Meal Frequency but Not Snack Frequency Is Associated with Micronutrient Intakes and Overall Diet Quality in Australian Men and Women.
Sommaire de l'article
Skipping breakfast is associated with poorer diet quality among adults, but evidence of associations for other eating patterns [e.g., eating occasion (EO), meal, or snack frequency] is equivocal. An understanding of how eating patterns are associated with diet quality is needed to inform population-level dietary recommendations.
We aimed in this cross-sectional study to determine the relation between frequency of meals, snacks, and all EOs with nutrient intakes and diet quality in a representative sample of Australian adults.
Dietary data for 5242 adults aged ≥19 y collected via two 24-h recalls during the 2011-2012 National Nutrition and Physical Activity Survey were analyzed. EO, meal, and snack frequency was calculated. Adherence to recommendations for healthy eating was assessed with the use of the 2013 Dietary Guidelines Index (DGI) and its subcomponents. Linear regression, adjusted for covariates and energy misreporting, was used to examine associations between eating patterns, energy-adjusted nutrient intakes, and the DGI-2013.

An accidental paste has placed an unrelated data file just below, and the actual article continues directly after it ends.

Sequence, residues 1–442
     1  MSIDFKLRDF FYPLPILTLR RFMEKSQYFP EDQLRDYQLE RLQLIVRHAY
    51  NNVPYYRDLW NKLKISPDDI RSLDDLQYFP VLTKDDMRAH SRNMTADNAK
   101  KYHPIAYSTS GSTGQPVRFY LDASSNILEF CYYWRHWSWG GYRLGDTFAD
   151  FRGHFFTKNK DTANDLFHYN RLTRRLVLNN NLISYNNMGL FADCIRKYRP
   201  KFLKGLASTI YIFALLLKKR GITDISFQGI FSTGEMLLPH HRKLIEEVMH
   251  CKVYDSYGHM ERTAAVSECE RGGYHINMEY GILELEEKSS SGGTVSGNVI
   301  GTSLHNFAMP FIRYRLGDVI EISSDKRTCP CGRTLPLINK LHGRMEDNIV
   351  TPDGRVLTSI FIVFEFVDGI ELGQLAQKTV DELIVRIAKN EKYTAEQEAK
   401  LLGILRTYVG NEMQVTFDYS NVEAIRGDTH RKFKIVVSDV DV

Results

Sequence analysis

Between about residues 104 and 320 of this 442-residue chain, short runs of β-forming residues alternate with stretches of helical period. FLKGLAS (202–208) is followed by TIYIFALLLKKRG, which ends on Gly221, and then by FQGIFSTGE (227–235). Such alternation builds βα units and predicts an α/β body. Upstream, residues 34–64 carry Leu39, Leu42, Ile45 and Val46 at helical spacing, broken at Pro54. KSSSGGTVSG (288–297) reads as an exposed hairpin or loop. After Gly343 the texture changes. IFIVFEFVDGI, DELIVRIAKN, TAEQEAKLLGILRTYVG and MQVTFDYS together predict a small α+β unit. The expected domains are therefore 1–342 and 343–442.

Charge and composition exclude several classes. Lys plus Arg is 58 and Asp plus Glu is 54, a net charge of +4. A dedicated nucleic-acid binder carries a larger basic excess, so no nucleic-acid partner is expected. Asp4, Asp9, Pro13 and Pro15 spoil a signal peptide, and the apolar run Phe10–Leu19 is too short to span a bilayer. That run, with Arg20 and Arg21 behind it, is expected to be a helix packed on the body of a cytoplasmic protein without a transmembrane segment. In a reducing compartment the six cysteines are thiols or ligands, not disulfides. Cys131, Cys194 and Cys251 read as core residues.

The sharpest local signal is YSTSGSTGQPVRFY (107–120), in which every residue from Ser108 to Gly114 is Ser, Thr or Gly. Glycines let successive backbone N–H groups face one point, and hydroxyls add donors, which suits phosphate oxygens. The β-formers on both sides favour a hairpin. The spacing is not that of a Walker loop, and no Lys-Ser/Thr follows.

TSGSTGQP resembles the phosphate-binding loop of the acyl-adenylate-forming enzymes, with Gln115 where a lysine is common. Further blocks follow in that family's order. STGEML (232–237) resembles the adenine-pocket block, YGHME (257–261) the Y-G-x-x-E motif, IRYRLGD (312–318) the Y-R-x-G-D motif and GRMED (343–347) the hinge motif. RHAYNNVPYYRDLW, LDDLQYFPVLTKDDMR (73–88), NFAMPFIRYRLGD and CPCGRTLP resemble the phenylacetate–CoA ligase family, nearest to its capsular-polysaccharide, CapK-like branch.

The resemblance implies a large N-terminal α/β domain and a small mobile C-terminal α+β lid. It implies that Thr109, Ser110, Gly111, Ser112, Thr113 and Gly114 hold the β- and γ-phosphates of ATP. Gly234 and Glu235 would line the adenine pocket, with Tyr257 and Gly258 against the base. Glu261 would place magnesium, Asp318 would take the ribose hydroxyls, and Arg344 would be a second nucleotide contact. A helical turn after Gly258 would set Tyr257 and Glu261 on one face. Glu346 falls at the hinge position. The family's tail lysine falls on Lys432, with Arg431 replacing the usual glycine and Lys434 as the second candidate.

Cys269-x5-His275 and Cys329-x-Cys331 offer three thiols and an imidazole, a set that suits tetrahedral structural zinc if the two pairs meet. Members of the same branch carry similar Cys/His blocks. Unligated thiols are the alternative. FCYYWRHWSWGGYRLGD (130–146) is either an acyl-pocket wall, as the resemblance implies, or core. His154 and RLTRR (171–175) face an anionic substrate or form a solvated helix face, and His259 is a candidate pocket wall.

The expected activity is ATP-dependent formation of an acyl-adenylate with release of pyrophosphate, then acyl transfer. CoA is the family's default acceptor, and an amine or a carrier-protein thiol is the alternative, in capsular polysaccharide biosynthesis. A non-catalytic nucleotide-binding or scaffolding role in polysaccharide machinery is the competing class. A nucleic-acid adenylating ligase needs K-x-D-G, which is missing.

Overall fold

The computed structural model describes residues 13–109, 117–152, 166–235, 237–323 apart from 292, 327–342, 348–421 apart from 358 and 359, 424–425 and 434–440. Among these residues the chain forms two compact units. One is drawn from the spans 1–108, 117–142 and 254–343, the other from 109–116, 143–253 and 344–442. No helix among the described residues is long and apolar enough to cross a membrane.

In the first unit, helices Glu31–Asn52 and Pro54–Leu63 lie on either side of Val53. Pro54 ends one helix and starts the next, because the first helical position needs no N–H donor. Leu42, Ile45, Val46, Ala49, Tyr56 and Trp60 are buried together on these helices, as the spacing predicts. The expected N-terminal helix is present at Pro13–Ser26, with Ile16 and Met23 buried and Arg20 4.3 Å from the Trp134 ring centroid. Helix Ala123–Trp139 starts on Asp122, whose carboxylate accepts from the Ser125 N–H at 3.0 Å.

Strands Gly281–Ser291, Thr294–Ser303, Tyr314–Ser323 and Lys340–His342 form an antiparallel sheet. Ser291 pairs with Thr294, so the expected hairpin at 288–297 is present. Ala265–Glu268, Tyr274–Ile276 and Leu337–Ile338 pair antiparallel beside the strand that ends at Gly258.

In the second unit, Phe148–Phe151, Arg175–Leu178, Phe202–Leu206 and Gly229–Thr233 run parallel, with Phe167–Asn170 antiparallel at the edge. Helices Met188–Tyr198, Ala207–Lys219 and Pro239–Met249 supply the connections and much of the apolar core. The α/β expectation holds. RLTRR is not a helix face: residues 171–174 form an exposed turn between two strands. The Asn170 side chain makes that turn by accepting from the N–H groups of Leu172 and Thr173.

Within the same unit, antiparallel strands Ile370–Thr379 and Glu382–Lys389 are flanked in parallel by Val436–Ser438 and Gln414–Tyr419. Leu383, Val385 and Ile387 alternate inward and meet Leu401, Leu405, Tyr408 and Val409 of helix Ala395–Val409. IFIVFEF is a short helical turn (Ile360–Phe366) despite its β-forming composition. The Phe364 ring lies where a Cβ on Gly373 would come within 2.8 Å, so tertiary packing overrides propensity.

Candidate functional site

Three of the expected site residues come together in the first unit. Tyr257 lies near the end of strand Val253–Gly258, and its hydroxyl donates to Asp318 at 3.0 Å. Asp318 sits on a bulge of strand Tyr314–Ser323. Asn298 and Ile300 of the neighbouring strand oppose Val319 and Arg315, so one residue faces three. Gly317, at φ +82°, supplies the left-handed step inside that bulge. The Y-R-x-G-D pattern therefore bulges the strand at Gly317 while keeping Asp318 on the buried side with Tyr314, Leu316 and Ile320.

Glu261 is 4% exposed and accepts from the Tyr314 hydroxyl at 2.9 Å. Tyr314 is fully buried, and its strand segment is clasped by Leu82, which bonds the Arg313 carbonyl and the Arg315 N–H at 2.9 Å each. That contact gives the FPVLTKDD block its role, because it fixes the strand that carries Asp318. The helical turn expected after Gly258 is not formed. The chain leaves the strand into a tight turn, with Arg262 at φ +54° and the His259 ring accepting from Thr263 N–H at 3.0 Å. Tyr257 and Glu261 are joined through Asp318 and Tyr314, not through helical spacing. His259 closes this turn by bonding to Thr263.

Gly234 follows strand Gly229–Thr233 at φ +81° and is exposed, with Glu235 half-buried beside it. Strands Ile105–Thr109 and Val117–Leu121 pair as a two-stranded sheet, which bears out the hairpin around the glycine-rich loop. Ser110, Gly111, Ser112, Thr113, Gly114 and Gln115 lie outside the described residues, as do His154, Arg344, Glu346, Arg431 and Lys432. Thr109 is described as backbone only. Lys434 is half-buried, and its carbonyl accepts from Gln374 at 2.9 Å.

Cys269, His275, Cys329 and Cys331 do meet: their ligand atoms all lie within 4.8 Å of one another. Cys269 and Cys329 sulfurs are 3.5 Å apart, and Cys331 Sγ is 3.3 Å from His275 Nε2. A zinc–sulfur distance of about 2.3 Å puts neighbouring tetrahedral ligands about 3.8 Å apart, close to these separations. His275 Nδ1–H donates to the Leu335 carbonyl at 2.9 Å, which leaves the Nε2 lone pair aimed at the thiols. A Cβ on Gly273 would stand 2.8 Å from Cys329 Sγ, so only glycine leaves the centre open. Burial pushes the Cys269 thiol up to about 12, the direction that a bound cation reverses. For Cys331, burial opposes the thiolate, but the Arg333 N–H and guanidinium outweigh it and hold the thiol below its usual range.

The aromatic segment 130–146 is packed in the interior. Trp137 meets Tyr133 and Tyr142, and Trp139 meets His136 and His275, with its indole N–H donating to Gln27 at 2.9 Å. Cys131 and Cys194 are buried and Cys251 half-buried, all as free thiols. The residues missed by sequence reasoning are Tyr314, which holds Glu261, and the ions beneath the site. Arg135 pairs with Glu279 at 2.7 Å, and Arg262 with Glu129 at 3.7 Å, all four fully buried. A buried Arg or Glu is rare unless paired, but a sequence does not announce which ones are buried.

The frequency of meals, but not of snacks, was positively associated with micronutrient intakes, overall diet quality [men: β = 5.6 (95% CI: 3.9, 7.3); women: β = 4.1 (95% CI: 2.2, 5.9); P < 0.001], and DGI-2013 component scores for cereals, lean meat and alternatives, and alcohol intake (P < 0.05). A higher frequency of all EOs, meals, and snacks was positively associated with DGI-2013 scores for food variety, fruits, and dairy foods (P < 0.05). Conversely, a higher snack frequency was associated with a lower compliance with guidelines for discretionary foods and added sugars among men (P < 0.05).
These findings suggest that meal frequency is an important determinant of nutrient intakes and diet quality in Australian adults. Inconsistent associations for snack frequency suggest that the quality of snack choices is variable. More research examining the dietary profiles of eating patterns and their relations with diet quality is needed to inform the development of meal-based guidelines and messages that encourage healthy eating.